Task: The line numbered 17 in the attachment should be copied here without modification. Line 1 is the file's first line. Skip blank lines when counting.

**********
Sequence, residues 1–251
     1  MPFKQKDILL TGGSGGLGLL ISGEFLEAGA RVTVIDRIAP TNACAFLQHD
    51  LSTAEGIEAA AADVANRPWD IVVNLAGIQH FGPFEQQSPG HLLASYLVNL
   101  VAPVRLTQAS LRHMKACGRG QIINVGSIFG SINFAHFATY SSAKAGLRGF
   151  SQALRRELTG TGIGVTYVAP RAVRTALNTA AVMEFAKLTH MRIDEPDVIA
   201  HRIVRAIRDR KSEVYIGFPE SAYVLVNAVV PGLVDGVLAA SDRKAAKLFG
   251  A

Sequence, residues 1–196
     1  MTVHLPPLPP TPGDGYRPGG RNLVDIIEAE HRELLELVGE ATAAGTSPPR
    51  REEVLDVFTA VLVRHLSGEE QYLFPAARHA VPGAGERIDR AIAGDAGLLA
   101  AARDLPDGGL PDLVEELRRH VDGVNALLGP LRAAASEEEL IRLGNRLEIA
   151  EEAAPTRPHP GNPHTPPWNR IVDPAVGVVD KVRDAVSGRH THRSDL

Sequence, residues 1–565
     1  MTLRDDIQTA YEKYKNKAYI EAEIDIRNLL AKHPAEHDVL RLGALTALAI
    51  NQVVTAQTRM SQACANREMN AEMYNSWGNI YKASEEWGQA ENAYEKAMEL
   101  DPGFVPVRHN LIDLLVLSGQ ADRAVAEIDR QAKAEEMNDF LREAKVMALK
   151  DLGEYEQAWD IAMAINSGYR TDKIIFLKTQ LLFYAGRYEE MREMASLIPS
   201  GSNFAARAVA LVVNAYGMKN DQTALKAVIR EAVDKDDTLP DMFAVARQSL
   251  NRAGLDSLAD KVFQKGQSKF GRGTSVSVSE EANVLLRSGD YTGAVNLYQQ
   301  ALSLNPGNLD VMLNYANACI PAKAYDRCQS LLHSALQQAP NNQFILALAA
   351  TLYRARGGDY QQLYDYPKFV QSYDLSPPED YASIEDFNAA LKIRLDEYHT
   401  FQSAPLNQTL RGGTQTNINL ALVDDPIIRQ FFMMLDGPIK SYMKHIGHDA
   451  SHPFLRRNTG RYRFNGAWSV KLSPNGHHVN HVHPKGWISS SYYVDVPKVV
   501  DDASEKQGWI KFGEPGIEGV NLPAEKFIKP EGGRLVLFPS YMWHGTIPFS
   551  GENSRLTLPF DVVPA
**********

   151  DLGEYEQAWD IAMAINSGYR TDKIIFLKTQ LLFYAGRYEE MREMASLIPS